The article came on 40 pages that had to be clicked to.  Each one came with a photograph, ‘cuz our old Boomer eyesight ain’t the best anymore, don’tcha know?  Aside from the general, dismissive, know-it-all premise, the two things that irritated me the most were the photos of ‘encyclopedias,’ and ‘malls’

Encyclopedias

I welcomed the electronic advent of Wikipedia.  Google and Bing are my friends.  Paper and ink encyclopedias are archaic anachronisms – antiques, and collectors’ items.  The Internet knows everything – if you can sift out the fake news.  The photo provided for that page seemed to be of a library Rare-Book shelf.  They’re old, and they are hard-cover…. but not one of them is an Encyclopedia.  Bing images provided me with pictures of lots, as I composed this post, including the first, and possibly the best – Encyclopedia Britannica.

Polish Reception

Malls have had their day.  All hail Amazon and E-Bay!  Etail is the wave of the future.  The only thing that malls are good for are the food courts, and the girl-watching – and the air conditioning means that they are wearing far too much clothing.  Someone didn’t work (or think) too hard with these photos.

Since the article is in English and apparently intended for the American – or perhaps Canadian – market, it would seem to be a good idea to get a picture of an English-speaking mall.  Even a cursory examination of the above photo shows that it is of a Polish one.  Recepcja = reception.

I think I pulled a groin muscle, ranting about some young whipper-snapper ranting about old nothings.  I’m gonna rest up for a couple of days.  See you later.  😀

7 thoughts on “Damned Amateurs – AKA Snowflake Meltdown

  1. Rivergirl says:

    Being a Boomer, I take umbrage at your outrage. Now please excuse me while I go out and polish my husband’s Beemer.
    And hey, I make an awesome meatloaf.
    😉

    Like

  2. I don’t necessarily think meatloaf is “cool”, but I do like it – when someone else makes it. My mother-in-law makes awesome meatloaf, but not me. I’ve used her recipe and my own mother’s spectacular recipe, and still my meatloaf never turns out right. My meatloaf doesn’t hold together the way it should, making meatloaf sandwiches impossible. As for encyclopedias, I remember my mother saving pennies from her weekly grocery budget so she could buy an entire set of encyclopedias volume-by-volume at the grocery store. It was one of her prized possessions. By the time she died, everything was online and no one wanted those books. I think they wound up in a landfill somewhere. Heck, these days no one even as a bookcase, much less the books to go into it.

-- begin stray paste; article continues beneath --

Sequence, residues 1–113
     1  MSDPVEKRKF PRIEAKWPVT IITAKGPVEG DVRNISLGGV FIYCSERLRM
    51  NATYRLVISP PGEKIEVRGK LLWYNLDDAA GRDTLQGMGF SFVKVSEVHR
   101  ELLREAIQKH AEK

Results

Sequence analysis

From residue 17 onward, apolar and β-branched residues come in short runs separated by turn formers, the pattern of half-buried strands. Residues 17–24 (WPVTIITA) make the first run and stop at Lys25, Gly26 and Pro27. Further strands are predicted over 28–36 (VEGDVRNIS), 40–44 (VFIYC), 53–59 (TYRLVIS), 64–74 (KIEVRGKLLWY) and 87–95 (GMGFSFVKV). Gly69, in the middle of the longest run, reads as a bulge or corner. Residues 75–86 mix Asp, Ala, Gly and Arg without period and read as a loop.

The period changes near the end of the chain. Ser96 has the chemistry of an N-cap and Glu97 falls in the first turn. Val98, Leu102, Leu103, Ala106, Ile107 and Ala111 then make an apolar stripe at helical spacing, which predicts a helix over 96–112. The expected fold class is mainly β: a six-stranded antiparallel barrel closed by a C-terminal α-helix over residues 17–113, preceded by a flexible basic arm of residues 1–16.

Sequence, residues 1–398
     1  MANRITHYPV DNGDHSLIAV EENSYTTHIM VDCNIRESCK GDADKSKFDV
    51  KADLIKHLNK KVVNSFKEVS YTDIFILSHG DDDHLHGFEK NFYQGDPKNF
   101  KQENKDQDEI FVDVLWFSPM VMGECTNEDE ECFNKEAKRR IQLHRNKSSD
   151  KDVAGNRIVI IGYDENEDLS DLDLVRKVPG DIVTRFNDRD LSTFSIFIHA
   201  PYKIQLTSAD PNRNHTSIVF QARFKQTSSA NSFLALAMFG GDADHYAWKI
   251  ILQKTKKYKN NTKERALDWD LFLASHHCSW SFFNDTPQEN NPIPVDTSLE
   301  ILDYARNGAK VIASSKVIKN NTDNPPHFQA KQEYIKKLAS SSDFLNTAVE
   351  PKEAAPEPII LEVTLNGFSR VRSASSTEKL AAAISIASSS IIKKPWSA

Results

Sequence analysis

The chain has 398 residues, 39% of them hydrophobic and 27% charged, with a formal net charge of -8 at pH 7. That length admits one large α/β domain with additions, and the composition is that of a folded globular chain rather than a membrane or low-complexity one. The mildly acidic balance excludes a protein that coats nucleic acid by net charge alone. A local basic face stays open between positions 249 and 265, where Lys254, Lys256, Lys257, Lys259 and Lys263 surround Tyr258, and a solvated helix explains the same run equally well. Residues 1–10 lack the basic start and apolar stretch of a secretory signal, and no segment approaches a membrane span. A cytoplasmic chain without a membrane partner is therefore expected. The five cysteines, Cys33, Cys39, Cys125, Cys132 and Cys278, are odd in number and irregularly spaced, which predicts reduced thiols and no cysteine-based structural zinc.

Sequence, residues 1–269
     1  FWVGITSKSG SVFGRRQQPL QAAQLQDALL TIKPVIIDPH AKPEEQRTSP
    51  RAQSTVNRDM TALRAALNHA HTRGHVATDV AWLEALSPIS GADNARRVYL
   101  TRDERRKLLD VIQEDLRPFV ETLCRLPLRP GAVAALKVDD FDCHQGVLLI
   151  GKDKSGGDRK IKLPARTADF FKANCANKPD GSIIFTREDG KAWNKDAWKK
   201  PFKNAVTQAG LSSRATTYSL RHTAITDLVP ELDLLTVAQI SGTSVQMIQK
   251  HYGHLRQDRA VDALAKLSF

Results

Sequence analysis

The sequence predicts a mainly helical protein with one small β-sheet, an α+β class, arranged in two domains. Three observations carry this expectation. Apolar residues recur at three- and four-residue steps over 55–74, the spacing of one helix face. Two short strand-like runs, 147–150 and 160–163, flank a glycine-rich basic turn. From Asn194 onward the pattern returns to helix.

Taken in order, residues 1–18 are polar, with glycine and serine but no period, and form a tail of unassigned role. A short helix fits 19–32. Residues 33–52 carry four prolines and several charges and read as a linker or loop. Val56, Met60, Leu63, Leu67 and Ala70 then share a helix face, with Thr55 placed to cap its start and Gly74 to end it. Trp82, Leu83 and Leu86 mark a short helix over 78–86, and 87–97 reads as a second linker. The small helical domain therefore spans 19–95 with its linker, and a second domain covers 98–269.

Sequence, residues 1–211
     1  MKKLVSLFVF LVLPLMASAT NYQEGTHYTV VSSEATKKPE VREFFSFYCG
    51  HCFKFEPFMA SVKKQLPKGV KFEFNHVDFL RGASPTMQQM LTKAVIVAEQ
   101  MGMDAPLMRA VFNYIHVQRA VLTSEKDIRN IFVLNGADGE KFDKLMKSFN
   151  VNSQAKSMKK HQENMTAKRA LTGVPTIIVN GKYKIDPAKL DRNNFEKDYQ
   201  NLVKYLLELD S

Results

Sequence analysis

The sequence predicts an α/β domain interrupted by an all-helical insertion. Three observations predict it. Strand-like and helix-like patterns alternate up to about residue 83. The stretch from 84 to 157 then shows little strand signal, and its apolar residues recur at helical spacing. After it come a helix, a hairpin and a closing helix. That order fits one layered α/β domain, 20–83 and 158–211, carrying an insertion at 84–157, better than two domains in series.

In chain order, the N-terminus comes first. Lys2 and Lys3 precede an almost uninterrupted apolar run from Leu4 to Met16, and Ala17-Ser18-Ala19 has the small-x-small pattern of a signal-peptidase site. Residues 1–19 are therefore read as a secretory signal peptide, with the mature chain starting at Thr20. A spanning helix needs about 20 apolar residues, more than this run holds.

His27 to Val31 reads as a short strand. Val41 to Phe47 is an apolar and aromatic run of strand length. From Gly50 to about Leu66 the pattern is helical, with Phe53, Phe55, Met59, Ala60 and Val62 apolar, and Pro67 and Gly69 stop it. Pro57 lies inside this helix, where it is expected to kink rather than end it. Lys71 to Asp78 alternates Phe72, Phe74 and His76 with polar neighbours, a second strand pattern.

Like

  3. Nice observations. I think malls will make a comeback though. Everything is cyclical, and the pandemic has shown people really want to go out and be in social situations.

    Like

    • Archon's Den says:

      The problem with malls, and people wanting to go out and get together, is, somebody has to get paid to provide the service. Malls may change how they are organized. Right now, people are going into stores to kick the tires and get free info and advice. Then they go home, order it on Amazon, for less, and have it delivered to their house. Bricks and mortar stores are going to go out of business. Sears is already gone, and COVID will shut many others. Unless malls start charging admission at the door, many of them may end being boarded up. 😯

      Liked by 1 person

Leave a Reply

Fill in your details below or click an icon to log in:

WordPress.com Logo

You are commenting using your WordPress.com account. Log Out /  Change )

Google photo

You are commenting using your Google account. Log Out /  Change )

Twitter picture

You are commenting using your Twitter account. Log Out /  Change )

Facebook photo

You are commenting using your Facebook account. Log Out /  Change )

Connecting to %s